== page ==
Timing of Stroke After Cardiopulmonary Bypass Determines Mortality

Turner C. Lisle, Kevin M Barrett, Leo M. Gazoni, Brian R. Swenson, Christopher D. Scott, Ali Kazemi, John A. Kern, Benjamin B. Peeler, Irving L. Kron, Karen C. Johnston

Research output: Contribution to journalArticle

15 Citations (Scopus)

Abstract

Background: Stroke is an important complication of cardiopulmonary bypass (CPB). This study determined if the timing of stroke events after CPB predicted stroke-related mortality or rehabilitation needs at hospital discharge. Methods: We performed a retrospective review of 7201 consecutive cardiac surgical patients during a 10-year period and identified 202 strokes. Postoperative stroke after CPB was classified as early (≤ 24 hours) or late (> 24 hours). Data were collected on patient characteristics, intraoperative variables and outcomes, postoperative course, stroke severity, and discharge status, including death from stroke. Logistic regression analysis was used to assess the relationship between the timing of stroke and discharge status after adjusting for clinically relevant factors. Results: The stroke incidence was 2.8%. Postoperative strokes occurred within 24 hours in 22.8% (46 of 202) and after 24 hours in 77.2% (156 of 202). Factors found in logistic regression analysis to be independently associated with stroke-related death included stroke within 24 hours postoperatively (odds ratio [OR], 9.16; p < 0.0001), preoperative chronic renal insufficiency (OR, 4.46; p = 0.01), and National Institute of Health Stroke Scale (NIHSS) score (OR, 1.16 per NIHSS point increase; p < 0.0001). Among survivors, early stroke was associated with greater rehabilitation needs (p < 0.001). Conclusions: Early stroke after CPB is independently associated with higher stroke-related death and is associated with increased need for skilled rehabilitation at discharge. Neuroprotective strategies aimed at reducing early postoperative stroke may positively impact death and neurologic disability after CPB.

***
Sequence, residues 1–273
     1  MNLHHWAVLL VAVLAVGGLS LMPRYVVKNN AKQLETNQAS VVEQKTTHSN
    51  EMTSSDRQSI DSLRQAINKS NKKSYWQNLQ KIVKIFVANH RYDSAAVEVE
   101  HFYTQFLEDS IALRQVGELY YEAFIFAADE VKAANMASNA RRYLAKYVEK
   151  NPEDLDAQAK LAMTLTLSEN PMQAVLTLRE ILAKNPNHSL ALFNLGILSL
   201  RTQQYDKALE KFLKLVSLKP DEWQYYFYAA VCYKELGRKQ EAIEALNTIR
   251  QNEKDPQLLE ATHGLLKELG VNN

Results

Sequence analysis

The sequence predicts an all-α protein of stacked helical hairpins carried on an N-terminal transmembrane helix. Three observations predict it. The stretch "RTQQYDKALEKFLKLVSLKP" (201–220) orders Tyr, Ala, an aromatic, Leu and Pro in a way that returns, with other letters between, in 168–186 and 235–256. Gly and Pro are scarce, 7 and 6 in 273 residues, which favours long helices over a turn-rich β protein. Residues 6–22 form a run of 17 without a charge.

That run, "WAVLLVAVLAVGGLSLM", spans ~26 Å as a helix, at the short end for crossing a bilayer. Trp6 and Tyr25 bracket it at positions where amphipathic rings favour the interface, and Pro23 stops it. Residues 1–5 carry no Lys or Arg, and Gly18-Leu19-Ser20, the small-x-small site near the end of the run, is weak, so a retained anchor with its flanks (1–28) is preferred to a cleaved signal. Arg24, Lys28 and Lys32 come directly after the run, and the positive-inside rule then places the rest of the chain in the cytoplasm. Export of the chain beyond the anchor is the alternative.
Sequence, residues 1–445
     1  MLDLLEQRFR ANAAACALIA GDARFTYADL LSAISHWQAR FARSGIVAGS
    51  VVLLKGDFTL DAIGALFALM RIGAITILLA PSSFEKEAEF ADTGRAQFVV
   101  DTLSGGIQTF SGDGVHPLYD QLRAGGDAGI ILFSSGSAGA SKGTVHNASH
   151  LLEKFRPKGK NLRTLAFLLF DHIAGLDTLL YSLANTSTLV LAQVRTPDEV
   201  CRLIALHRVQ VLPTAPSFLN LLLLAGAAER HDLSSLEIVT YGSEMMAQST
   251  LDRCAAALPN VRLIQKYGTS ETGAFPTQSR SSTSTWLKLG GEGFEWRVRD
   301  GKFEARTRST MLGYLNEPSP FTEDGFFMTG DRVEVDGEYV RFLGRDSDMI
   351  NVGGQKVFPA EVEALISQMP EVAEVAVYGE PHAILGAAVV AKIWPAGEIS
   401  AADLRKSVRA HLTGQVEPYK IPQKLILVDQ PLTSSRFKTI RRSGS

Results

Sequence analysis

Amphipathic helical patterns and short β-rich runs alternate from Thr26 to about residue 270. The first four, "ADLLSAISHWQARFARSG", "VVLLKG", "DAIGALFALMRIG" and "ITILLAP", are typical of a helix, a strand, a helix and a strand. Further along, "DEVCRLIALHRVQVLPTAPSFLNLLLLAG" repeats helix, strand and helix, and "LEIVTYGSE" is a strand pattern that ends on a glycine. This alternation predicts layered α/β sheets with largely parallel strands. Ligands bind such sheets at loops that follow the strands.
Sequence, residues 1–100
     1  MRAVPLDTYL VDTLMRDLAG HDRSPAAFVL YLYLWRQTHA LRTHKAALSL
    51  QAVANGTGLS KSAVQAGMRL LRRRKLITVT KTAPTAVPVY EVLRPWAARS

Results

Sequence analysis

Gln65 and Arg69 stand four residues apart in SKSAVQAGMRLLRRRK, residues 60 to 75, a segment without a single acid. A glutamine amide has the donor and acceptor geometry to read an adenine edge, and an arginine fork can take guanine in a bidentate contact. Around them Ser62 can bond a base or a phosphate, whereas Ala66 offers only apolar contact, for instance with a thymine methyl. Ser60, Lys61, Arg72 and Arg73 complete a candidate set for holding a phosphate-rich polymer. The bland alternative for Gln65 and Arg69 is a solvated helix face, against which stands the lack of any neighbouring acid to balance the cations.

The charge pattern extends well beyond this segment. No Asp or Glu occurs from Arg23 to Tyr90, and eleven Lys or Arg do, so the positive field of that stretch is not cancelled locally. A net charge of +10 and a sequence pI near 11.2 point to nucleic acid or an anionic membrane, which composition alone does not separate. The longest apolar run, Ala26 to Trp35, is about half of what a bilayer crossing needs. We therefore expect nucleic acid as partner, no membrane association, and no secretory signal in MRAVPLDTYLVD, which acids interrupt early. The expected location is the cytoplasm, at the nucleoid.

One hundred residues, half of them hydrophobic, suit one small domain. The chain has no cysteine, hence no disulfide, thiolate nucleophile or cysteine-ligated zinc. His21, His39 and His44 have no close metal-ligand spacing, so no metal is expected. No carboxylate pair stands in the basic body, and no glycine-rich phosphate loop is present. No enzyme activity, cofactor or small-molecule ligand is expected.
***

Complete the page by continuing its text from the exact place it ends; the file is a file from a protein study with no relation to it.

Original languageEnglish (US)
Pages (from-to)1556-1563
Number of pages8
JournalAnnals of Thoracic Surgery
Volume85
Issue number5
DOIs
StatePublished - May 2008
Externally publishedYes

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Cardiopulmonary Bypass
Stroke
Mortality
Rehabilitation
Odds Ratio
National Institutes of Health (U.S.)
Logistic Models
Regression Analysis
Chronic Renal Insufficiency
Nervous System
Survivors

ASJC Scopus subject areas

  • Cardiology and Cardiovascular Medicine
  • Surgery

Cite this

Lisle, T. C., Barrett, K. M., Gazoni, L. M., Swenson, B. R., Scott, C. D., Kazemi, A., ... Johnston, K. C. (2008). Timing of Stroke After Cardiopulmonary Bypass Determines Mortality. Annals of Thoracic Surgery, 85(5), 1556-1563. https://doi.org/10.1016/j.athoracsur.2008.02.035

Timing of Stroke After Cardiopulmonary Bypass Determines Mortality. / Lisle, Turner C.; Barrett, Kevin M; Gazoni, Leo M.; Swenson, Brian R.; Scott, Christopher D.; Kazemi, Ali; Kern, John A.; Peeler, Benjamin B.; Kron, Irving L.; Johnston, Karen C.

In: Annals of Thoracic Surgery, Vol. 85, No. 5, 05.2008, p. 1556-1563.

Research output: Contribution to journalArticle

Lisle, TC, Barrett, KM, Gazoni, LM, Swenson, BR, Scott, CD, Kazemi, A, Kern, JA, Peeler, BB, Kron, IL & Johnston, KC 2008, 'Timing of Stroke After Cardiopulmonary Bypass Determines Mortality', Annals of Thoracic Surgery, vol. 85, no. 5, pp. 1556-1563. https://doi.org/10.1016/j.athoracsur.2008.02.035
Lisle, Turner C. ; Barrett, Kevin M ; Gazoni, Leo M. ; Swenson, Brian R. ; Scott, Christopher D. ; Kazemi, Ali ; Kern, John A. ; Peeler, Benjamin B. ; Kron, Irving L. ; Johnston, Karen C. / Timing of Stroke After Cardiopulmonary Bypass Determines Mortality. In: Annals of Thoracic Surgery. 2008 ; Vol. 85, No. 5. pp. 1556-1563.